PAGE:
Sometimes on late summer nights, the waves glow bright blue along the beaches of the York River. But the algal blooms responsible for this spectacle can also cause trouble for oyster aquaculture.
“Everyone gets excited because the bioluminescence is pretty cool, but they are a harmful species,” said Kim Reece, a professor of aquatic health sciences at the Virginia Institute of Marine Science (VIMS).
By day, this same algal bloom, Alexandrium monilatum, forms swaths of dark red in the water, often following blooms of Margalefidinium polykrikoides. These two blooms are nicknamed “Alex” and “Marge” for easy reference by the researchers that study them, like Reece and her graduate student Clara Robison, a Virginia Sea Grant Graduate Research Fellow.
Adult oysters can sense when these harmful algal blooms (HABs) are in the water, and temporarily stop feeding to avoid taking in toxins. But if the blooms persist for enough time, the oysters may start filtering water again and take up toxic cells. Some oyster growers reported that 60-70 percent of their oysters died in 2015.
“We had one year where I had a lot of die-off from red tide, and so I went to Kim to develop a study for the harmful algal blooms and use this as one of the sites,” local oyster grower Tommy Leggett said. “I just lost a heck of a lot of oysters here.”
For her fellowship research, Robison investigated the direct effects of these two harmful algae species on oyster aquaculture. She worked with her professional mentor, Leggett, to deploy oysters in the York River area. She built her own oyster cages and oyster bags and learned the methods used for aquaculture to make her research as useful as possible for local growers.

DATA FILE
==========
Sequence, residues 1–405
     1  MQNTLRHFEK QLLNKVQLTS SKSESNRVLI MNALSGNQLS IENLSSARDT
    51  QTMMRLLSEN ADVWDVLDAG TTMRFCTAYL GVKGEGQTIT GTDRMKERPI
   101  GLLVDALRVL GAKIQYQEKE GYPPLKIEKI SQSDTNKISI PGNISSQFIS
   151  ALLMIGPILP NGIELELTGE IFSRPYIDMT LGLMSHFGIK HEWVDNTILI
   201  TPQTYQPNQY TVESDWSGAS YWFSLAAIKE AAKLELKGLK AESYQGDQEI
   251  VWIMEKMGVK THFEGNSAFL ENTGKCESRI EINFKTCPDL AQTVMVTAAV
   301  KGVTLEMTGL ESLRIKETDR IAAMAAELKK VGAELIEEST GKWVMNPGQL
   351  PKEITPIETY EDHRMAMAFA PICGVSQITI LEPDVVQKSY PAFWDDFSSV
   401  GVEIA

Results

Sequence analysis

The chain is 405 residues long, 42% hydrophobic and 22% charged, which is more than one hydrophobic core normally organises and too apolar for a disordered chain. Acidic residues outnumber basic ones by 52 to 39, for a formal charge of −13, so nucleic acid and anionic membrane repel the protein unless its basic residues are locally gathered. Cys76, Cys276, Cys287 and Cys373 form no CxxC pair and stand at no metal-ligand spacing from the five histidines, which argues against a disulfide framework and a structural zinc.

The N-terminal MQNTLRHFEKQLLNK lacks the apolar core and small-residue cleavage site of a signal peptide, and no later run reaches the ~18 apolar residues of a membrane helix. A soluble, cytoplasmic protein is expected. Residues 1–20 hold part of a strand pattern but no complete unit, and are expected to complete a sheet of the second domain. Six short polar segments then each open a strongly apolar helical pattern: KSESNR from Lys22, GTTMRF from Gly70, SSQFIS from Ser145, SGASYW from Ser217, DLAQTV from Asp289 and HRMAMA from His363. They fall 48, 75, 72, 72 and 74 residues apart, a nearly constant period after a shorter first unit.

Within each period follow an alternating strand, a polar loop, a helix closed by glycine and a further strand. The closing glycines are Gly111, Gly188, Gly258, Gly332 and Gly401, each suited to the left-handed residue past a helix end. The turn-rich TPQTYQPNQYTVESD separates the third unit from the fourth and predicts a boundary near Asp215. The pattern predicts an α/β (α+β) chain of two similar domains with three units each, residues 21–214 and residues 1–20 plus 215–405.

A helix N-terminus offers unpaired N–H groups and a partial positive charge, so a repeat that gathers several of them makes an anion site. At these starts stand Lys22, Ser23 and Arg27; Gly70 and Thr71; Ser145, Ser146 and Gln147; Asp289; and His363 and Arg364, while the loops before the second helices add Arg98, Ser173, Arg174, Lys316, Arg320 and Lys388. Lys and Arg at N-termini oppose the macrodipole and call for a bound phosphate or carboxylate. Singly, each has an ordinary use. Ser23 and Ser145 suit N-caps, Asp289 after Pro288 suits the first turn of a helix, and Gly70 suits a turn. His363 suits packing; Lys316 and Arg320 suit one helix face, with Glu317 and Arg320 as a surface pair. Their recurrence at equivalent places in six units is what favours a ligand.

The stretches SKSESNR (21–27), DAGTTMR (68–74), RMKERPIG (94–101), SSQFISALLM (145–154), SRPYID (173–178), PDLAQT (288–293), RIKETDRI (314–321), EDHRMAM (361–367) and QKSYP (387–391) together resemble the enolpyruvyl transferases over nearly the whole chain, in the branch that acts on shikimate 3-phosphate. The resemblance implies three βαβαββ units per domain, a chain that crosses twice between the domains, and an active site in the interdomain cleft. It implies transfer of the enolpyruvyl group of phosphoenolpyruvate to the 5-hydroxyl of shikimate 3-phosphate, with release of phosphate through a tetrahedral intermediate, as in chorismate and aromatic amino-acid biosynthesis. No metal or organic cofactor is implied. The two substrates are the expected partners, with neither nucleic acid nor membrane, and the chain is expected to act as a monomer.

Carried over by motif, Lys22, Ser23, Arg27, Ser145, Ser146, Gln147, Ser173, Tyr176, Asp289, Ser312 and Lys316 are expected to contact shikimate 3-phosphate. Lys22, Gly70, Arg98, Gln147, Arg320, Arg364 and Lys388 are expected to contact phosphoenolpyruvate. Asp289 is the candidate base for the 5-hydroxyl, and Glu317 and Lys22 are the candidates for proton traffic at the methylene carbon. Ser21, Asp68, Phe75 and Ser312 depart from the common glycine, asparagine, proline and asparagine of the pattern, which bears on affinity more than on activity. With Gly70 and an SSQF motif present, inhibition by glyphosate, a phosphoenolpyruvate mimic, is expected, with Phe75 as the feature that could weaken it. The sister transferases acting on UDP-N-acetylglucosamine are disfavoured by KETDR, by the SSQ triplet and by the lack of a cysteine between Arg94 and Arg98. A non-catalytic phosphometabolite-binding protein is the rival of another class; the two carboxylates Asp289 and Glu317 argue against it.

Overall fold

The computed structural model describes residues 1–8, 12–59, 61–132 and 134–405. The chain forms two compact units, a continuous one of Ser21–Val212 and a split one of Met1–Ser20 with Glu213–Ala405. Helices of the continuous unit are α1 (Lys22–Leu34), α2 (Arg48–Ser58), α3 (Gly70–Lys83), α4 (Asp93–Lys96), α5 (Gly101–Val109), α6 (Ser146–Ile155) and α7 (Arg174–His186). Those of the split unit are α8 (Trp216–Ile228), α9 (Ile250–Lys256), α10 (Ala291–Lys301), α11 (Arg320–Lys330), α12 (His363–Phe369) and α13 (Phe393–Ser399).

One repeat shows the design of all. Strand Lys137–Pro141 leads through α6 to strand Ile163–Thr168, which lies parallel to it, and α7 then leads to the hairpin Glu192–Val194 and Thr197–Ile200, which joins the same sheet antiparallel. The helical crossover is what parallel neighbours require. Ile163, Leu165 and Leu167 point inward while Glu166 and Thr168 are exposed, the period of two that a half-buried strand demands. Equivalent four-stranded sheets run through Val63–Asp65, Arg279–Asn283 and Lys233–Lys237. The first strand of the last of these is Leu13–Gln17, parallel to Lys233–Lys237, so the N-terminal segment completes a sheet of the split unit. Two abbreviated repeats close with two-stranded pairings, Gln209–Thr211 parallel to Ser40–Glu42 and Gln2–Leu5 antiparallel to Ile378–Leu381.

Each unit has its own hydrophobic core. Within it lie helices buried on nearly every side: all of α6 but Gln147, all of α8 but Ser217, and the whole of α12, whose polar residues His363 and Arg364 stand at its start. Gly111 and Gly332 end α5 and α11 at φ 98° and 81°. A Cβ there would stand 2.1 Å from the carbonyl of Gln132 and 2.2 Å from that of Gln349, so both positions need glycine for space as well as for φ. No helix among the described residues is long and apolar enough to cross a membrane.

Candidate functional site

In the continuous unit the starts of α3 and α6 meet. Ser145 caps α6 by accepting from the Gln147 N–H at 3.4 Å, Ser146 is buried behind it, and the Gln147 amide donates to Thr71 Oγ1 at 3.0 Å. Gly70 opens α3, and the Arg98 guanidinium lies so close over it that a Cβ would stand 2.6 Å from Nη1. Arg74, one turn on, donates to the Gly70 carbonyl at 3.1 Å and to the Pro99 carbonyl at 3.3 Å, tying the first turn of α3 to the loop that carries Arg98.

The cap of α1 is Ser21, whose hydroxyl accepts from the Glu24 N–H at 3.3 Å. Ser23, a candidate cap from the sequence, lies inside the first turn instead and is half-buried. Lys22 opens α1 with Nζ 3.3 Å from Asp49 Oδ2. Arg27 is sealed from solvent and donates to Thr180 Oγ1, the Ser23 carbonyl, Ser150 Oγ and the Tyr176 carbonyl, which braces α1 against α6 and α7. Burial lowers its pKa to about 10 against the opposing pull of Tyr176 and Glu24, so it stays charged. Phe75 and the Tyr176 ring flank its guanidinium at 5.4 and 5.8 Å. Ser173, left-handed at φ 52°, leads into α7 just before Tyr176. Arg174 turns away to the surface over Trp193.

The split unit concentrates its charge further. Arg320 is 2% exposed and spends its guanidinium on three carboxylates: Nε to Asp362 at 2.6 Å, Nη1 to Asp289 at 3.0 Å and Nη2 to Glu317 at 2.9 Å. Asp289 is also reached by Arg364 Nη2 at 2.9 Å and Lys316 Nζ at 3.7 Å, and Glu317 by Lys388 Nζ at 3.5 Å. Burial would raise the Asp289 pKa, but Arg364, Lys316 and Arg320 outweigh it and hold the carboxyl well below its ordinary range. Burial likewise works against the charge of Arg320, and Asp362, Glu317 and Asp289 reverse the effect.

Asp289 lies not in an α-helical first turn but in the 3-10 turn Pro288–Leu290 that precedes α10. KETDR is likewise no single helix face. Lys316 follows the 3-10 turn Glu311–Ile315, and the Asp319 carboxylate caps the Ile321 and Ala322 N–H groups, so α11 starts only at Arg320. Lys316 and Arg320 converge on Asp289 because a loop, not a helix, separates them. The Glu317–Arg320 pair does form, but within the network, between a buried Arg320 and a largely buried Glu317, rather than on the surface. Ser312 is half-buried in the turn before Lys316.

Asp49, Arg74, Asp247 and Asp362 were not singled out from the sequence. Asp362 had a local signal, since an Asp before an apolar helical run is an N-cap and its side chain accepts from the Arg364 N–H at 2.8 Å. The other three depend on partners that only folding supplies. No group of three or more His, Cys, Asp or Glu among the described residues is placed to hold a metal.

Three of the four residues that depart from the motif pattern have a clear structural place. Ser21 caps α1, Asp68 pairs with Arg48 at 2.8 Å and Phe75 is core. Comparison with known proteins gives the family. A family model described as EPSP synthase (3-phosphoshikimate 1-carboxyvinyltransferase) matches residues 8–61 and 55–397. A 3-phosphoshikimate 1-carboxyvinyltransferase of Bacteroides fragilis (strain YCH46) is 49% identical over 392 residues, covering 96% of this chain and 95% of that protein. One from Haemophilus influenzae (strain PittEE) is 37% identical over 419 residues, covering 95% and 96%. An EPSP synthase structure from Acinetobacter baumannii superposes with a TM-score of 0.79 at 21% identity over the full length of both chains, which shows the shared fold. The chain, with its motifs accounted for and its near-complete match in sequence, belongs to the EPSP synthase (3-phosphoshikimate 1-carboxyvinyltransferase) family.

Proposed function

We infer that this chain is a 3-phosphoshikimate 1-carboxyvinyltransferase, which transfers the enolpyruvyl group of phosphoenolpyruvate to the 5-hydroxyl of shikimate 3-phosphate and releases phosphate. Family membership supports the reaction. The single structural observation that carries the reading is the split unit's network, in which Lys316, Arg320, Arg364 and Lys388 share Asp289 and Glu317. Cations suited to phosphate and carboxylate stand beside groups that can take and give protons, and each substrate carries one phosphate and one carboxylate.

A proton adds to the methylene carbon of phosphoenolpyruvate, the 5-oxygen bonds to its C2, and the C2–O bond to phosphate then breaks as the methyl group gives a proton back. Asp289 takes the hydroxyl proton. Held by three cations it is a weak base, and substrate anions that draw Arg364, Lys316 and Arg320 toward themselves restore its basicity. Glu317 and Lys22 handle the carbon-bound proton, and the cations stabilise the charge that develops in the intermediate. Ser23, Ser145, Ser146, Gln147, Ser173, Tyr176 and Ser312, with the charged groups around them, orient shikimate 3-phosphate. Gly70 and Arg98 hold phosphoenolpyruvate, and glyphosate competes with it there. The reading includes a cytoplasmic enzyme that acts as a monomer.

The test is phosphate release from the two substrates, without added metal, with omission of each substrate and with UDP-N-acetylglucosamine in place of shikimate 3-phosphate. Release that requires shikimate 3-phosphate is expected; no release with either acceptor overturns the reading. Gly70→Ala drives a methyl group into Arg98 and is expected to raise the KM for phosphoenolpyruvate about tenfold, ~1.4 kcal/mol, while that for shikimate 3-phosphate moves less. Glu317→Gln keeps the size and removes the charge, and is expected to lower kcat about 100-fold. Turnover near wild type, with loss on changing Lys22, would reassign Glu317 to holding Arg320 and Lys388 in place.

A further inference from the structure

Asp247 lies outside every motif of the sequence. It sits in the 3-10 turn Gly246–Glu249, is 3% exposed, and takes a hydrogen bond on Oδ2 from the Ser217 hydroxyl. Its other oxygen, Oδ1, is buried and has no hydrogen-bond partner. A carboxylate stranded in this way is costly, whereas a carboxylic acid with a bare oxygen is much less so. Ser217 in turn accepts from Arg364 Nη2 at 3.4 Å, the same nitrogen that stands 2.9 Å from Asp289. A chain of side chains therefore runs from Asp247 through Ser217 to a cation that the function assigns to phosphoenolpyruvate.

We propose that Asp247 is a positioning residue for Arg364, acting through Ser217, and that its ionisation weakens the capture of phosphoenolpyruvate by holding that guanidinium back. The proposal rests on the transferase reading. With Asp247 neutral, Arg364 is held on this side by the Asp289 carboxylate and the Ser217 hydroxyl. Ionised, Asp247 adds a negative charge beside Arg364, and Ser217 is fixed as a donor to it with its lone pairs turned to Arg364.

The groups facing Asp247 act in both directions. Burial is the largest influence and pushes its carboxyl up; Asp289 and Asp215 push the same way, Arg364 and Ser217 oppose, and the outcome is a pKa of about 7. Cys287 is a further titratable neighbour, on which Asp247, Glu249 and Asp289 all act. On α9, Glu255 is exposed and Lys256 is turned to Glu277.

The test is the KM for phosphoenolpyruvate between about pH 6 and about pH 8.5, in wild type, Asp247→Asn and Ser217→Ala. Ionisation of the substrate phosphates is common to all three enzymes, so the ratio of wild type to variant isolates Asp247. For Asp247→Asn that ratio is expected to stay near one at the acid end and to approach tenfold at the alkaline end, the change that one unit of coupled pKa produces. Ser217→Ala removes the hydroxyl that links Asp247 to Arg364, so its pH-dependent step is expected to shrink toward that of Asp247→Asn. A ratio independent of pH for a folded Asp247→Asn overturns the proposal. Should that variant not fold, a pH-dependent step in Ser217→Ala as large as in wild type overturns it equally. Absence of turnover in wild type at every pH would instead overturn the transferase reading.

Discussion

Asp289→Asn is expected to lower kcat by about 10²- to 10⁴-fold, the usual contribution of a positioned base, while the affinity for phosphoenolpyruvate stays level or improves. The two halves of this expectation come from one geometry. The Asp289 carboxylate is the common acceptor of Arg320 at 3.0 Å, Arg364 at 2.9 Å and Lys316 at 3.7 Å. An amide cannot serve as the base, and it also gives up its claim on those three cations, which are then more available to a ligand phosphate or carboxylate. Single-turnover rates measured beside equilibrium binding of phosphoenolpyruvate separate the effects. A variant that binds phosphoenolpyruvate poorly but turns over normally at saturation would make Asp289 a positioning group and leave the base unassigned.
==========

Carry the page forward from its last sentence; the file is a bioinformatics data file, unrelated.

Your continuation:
Robison deployed oysters at two test sites, monitoring their growth and health. She tracked the oysters’ response to several blooms during the summer of 2017, but there were no blooms of Alex or Marge at her sites during the summer of 2018, likely due to lots of rainfall and low salinity.
Robison did observe a lag in oyster growth about two weeks after Alex blooms occurred in 2017, but the lack of blooms during her second summer of fieldwork left the researchers with some unanswered questions about the effects of severe blooms that need additional years of study.
“When we think about HABs, sometimes they have direct impacts, like exposing organisms to toxins, but there are also many indirect impacts, like lowering the water’s dissolved oxygen, and building up biomass that might clog gills of oysters or fishes,” Robison said. “It’s possible some of those biological impacts may take longer to become visible in the metrics of health we were looking at.”
Back in the lab at VIMS, Robison also determined that Alex toxins can be taken up by oysters and remain in their gut for at least two days after the oysters are exposed to the toxins. She is continuing this investigation as a technician in Reece’s lab to determine how quickly the toxin can accumulate in the oysters, and how long it takes for the oysters to get rid of the built-up toxins.
Robison and Reece are continuing to collaborate with Leggett and other growers to monitor harmful algal blooms. For some projects, they regularly collect water samples and monitor oysters on a schedule. But some collaborations are spontaneous, where they might have a concerned grower contact them after a bloom with a sample in an empty soda bottle.
Robison investigated the direct effects of these two harmful algae species on oyster aquaculture.
“The growers aren’t necessarily checking their oysters every single day,” Reece said. “They might go out a week after a bloom and find out their oysters have died.”
Now, Robison conducts most of her research in the lab, but said her collaboration with Leggett gave her an appreciation for the importance of oysters—both for local businesses and the Bay. Robison also learned the intensive process of growing an oyster the size of a grain of sand all the way to market size while working alongside Leggett.
“Because he’s a grower and a business owner, I even got to drop off the oysters at local restaurants,” Robison said. “It was really a complete picture of oyster aquaculture.”
View more photos from her research here
Photos and video by Aileen Devlin | Virginia Sea Grant
Written by Madeleine Jepsen | Virginia Sea Grant
Published Jan. 17, 2020.
"I even got to drop off the oysters at local restaurants,” Robison said. “It was really a complete picture of oyster aquaculture.”